Nevertheless, assisting a nuclear-armed state to get more access to uranium seems unlikely to help the cause of non-proliferation or nuclear disarmament. It also sets a poor precedent. A party to the NPT with the ability to develop nuclear weapons could well ask whether membership of the NPT is more trouble than it is worth. (Iran, for instance, is a signatory.)

The current debate serves as a clear illustration that if the world is serious about developing real safeguards against nuclear proliferation, a new answer is needed: one which is both just and enforceable. 


Justin GlynJustin Glyn SJ is a first year Jesuit scholastic studying theology and philosophy in Melbourne. He previously practised law in South Africa and New Zealand. He completed a PhD in international and administrative law in 2008.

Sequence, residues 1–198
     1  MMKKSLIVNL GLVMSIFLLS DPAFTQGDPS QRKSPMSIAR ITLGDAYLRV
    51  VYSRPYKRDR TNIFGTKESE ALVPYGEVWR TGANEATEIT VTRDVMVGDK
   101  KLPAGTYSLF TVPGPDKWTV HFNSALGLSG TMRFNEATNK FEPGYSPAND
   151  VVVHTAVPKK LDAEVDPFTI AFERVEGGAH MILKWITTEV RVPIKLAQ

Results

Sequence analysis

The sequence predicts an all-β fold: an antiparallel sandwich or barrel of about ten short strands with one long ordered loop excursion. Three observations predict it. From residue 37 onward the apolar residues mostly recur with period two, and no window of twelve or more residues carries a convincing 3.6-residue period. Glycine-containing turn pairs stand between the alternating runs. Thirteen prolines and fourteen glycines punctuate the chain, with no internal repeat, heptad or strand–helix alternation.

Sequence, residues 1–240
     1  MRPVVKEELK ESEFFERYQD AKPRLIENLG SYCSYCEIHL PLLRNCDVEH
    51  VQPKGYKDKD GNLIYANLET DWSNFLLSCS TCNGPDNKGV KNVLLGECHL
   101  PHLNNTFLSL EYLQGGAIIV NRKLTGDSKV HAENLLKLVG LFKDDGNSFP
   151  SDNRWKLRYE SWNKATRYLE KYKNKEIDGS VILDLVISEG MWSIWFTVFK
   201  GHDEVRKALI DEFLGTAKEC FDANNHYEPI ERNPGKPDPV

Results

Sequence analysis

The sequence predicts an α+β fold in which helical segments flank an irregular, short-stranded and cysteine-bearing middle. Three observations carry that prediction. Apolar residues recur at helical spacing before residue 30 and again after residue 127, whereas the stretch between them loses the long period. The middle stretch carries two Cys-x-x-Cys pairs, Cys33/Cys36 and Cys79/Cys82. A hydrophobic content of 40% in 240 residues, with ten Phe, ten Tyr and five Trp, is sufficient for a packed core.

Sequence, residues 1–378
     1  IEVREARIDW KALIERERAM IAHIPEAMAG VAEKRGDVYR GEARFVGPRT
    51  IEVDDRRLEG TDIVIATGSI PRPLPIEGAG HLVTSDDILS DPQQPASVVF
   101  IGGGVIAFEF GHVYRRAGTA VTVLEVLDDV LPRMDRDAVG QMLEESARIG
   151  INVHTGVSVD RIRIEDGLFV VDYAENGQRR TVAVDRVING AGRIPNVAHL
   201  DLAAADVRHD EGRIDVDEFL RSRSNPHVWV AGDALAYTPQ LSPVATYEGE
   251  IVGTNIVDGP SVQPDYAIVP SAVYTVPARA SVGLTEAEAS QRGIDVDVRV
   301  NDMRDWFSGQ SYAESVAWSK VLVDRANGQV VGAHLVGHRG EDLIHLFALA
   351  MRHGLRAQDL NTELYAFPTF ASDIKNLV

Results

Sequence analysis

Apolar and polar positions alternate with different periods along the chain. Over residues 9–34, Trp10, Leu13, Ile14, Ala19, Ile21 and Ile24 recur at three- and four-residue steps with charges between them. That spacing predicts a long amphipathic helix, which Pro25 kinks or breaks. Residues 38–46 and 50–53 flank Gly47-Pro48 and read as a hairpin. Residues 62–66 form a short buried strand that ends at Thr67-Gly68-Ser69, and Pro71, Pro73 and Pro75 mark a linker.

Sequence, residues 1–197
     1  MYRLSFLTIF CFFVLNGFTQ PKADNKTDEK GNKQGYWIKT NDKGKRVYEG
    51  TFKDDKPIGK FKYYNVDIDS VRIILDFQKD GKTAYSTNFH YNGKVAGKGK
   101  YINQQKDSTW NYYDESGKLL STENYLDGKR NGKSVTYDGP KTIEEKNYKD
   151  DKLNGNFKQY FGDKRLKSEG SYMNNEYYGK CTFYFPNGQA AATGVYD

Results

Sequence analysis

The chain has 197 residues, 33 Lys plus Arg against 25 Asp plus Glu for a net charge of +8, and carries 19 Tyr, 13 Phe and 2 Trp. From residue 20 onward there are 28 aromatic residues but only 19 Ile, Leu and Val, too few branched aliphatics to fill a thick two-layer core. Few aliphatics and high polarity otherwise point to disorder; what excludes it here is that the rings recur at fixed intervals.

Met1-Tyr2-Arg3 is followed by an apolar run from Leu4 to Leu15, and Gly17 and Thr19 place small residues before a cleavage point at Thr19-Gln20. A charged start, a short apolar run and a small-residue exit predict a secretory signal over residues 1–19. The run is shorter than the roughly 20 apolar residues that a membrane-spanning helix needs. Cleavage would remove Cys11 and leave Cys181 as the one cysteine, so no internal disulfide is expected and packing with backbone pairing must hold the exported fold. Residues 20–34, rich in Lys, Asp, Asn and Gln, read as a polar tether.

Topic tags: Justin Glyn, Nuclear Non Proliferation Treaty, Iran, India, uranium



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Existing comments

I note the gracious tone of critique directed towards Julia Gillard on this issue. Imagine if it were John Howard who suggested selling uranium to India. The streets would be filled with burning effigies of Howard and hate fill chants.

Skye | 23 November 2011  

Nuclear weapons are just so wrong. One day the whole world will suffer because of them. How could anyone want to work and manufacture these weapons which can kill and contaminate so many people?

Trent | 23 November 2011